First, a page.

[00:21:18] Matt Tonkin: To your point there, it’s because curiosity can be a natural thing that you have, but I think we can train ourselves to be curious. So if you don’t have that, you know, innate drive to play around with stuff, it’s something you can do. It’s something you can get in the mindset and push yourself to do.
[00:21:35] Joe Peters: And it goes back to, I’ll never forget, one of the first projects I ever worked on as a consultant in starting my own agency many, many years ago was on the Canadian geospatial data infrastructure.
[00:21:52] Joe Peters: Now, just being intellectually curious [00:22:00] allowed me to be fascinated by that. And so you can take two things, two approaches. Either you’re going to think, Oh, some of the things that I’m doing are boring. But if you dive into any topic. And you can find what’s interesting and what the problem they’re solving for on anything.
[00:22:17] Joe Peters:: That intellectual curiosity is a real superpower. And I think you’re right, Matt. It’s something that you can develop and nurture over time. But if you take that and nurture it, it’s only going to serve you well throughout your entire career. I know that it’s, it’s allowed me to not only learn about things like the CGDI, But also, you know, I had McCain’s as a client one time, I know an awful lot about potatoes.
[00:22:48] Joe Peters: So anyway, let’s move on to the next one. But I really am a strong believer in intellectual curiosity. And I think by nurturing that right now, it’s the perfect [00:23:00] time to just. Get out there and try and experiment. It’s going to pay dividends 1 million percent. Okay. Let’s move on to our second hot take. What personal info would you give away for a good deal?
[00:23:12] Joe Peters: So this is something published in ad week and it’s bonkers and mind blowing from a variety of different perspectives, but. It was a survey of 2000 adult consumers and respondents largely did not trust AI advertising. That is not a surprise because most people don’t have a really good understanding of AI and AI has become the villain.
[00:23:34] Joe Peters: And we talked about this a couple of times on the podcast even if you’re going to see mission impossible, the latest one, the villain is AI now. So we’re, we’re, we’re seeing that everywhere. But. So the trust part is not a real surprise here, but it gets interesting when 87 percent said that they would disclose personal info to save the money.
[00:23:59] Joe Peters: Now, listen to [00:24:00] some of these numbers here, Matt, 52 percent would share their birthday to get a discount. 43 percent would share the name of their spouse to get a discount. 36 would share the names of their children to get a discount. But this last one is mind blowing. 34 percent would share their social security number to get a discount.
[00:24:29] Joe Peters: Oh, this is face palm.
[00:24:33] Matt Tonkin: That’s crazy. And I’m, I’m hyper cynical. I’m like sharing it. Like when I go to. The website for a brewery. I like I put in a fake birthday and I’m legally like, there’s no reason to do it, but I still do that. Right? Like I had just naturally cynical about sharing information, I guess.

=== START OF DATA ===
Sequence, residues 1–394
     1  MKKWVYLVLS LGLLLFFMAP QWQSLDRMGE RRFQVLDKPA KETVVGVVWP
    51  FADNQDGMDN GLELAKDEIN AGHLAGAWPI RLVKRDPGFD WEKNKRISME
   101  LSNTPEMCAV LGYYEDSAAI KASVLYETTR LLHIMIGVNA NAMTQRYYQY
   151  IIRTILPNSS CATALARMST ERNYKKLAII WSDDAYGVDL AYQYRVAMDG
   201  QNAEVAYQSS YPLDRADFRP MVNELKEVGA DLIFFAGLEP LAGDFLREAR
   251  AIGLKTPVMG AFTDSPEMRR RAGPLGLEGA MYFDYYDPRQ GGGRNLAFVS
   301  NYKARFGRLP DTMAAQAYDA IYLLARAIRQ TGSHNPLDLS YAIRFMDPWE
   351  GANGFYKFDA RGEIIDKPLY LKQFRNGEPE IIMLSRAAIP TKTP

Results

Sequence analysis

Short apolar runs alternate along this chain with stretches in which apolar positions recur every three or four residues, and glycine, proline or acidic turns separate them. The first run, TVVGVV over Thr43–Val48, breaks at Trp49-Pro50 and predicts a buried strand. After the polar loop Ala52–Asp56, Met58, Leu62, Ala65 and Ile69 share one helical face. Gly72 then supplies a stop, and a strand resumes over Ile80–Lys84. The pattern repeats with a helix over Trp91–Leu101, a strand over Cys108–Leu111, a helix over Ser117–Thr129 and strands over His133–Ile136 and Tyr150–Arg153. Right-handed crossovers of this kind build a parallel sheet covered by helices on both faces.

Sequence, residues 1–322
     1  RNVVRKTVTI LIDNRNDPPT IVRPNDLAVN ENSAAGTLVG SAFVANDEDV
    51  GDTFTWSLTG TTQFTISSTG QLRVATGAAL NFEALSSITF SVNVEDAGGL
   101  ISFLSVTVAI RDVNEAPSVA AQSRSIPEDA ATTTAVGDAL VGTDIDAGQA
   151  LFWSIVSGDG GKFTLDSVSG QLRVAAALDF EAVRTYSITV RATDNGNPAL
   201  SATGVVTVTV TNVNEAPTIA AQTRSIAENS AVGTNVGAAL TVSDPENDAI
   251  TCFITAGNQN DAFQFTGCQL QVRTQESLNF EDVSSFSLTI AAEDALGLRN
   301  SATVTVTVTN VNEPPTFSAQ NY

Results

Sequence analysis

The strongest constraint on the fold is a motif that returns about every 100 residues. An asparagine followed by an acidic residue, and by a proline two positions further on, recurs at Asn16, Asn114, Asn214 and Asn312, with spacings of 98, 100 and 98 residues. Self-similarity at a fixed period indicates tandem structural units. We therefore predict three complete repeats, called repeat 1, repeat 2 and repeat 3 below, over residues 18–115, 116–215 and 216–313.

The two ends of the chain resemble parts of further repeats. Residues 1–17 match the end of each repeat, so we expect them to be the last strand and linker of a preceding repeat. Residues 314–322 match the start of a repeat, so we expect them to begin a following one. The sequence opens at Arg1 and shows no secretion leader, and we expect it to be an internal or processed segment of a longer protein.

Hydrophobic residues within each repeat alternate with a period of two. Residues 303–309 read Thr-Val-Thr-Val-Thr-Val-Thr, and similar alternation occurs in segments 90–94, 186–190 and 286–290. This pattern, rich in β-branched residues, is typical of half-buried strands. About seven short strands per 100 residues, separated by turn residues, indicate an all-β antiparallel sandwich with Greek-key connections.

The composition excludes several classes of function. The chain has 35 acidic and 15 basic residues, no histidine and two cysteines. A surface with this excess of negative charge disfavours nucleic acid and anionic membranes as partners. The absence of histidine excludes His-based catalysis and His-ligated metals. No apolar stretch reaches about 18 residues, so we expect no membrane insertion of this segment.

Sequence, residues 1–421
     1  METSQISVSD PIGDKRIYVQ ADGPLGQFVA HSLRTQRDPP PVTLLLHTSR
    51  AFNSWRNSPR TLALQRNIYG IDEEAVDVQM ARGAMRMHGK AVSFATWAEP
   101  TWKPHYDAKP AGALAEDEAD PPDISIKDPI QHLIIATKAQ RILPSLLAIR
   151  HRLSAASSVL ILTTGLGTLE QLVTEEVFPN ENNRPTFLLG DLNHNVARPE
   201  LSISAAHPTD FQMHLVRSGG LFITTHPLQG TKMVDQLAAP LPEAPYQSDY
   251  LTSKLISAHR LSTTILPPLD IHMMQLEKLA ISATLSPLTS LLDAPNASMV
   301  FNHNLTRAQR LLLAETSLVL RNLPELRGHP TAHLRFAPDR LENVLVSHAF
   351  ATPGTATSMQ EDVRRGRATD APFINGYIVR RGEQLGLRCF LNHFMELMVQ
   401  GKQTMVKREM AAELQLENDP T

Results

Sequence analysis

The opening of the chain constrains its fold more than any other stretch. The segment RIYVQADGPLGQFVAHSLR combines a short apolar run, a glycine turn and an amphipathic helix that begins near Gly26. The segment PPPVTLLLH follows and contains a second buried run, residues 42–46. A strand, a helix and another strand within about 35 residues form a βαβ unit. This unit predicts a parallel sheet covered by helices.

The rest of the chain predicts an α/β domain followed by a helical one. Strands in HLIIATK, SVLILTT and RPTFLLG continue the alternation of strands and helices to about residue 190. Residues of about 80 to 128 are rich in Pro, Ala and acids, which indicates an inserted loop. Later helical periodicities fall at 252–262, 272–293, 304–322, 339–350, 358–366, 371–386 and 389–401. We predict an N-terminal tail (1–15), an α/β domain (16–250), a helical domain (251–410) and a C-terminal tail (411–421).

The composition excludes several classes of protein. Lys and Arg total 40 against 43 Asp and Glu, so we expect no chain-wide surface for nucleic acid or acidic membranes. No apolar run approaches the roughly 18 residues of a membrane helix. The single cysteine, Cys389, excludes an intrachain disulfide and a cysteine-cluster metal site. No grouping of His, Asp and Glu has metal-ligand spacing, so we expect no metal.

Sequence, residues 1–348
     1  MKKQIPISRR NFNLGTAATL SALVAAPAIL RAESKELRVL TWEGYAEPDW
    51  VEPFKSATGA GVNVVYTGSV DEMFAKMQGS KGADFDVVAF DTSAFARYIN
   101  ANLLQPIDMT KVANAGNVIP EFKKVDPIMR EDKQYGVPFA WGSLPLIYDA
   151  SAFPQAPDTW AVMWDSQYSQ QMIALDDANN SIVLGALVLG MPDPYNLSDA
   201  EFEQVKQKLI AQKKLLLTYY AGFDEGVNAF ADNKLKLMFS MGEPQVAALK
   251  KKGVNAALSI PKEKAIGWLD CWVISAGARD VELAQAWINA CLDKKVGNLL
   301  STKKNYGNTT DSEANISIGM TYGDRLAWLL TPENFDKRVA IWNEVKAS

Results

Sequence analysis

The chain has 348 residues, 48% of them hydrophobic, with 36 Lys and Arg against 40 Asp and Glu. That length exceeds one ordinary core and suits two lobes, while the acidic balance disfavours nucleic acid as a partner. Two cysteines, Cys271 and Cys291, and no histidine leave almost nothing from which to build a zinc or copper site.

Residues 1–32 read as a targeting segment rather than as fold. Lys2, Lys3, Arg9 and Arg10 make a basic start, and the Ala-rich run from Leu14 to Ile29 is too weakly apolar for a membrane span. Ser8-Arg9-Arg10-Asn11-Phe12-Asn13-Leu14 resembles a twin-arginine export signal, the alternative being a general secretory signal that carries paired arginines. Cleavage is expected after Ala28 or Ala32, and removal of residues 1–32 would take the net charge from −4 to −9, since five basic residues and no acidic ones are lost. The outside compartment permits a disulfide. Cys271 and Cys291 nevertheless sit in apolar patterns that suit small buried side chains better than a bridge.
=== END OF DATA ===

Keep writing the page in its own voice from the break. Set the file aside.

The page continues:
[00:24:54] Matt Tonkin: The fact that someone would share their social security number, [00:25:00] you’re right, like it takes the words out of your mouth for, for any reason to get a discount on something.
[00:25:09] Joe Peters: It’s the ramifications of having that data out there in the wild. You know, we live in this era where big corporations are hacked constantly.
[00:25:21] Joe Peters: I would never trust anyone outside of a government entity with that information because the government entity requires you to share that information, to do an exchange, whether it’s your taxes or anything, but the idea of giving, I don’t know, home Depot or target your social security number. To do a transaction and not that home Depot or target we’re asking.
[00:25:48] Joe Peters: This is just a theoretical. We don’t want them coming after us because we did not say that, but anyway, we did, we, they did not start this. This is just an example. I can’t even wrap my head around
[00:26:01] Matt Tonkin: that. And it brings to the forefront too. And this, I know is external for me. This is just stuff people would do, but as things like scams get more evolved, right?
[00:26:15] Matt Tonkin: That, that’s the, that’s the dark side. And. You know, that, that this many people are willing just to give away very personal information for, you know, 10 bucks off of whatever, some shampoo right. It, it, it’s concerning for me just from a, you know, economic standpoint, how much money is scamming than already is.
[00:26:40] Joe Peters: No, and I think of the older members of my family and the scams are just getting better and better and when you think of things like voice synthesis and All of those things it’s just gonna get More and more difficult to understand what [00:27:00] is real and what is fake and what is a scam and what is an obligation?
[00:27:04] Joe Peters: That you have to do. So yeah, this one is a little bit mind blowing. It reminds me of another thing that came out last week So Matt had a meeting with rewind. io, but there was another rewind. ai that was making big waves last week with this pendant. So a necklace with a little pendant, maybe the size of, I don’t know, a tip of a Sharpie pen, maybe even smaller.
[00:27:35] Joe Peters: Not the tip, but maybe the cap. All right. Maybe half of a cap, if you’re trying to think in scale here, maybe an inch or so. Anyway, it was a microphone recordable device. And so the idea is that you wear this pendant all day long. It records. All of your interactions, it’s, it’s listening to what’s happening during the conversations that you have, and then gives you a summary of your day, Matt
[00:28:04] Matt Tonkin: So this is, this is a Black Mirror episode. That’s a Black Mirror episode, 100%. And it’s funny because, you know, you said what what’d you say? 87 percent of people are, you know, skeptical of AI and advertising. Yeah, these are this is why and I can see the crazy thing is I can see the benefit right like for sure There’s so much benefit to that, you know, but your mind gets going on all the little things like where’s where’s this being stored?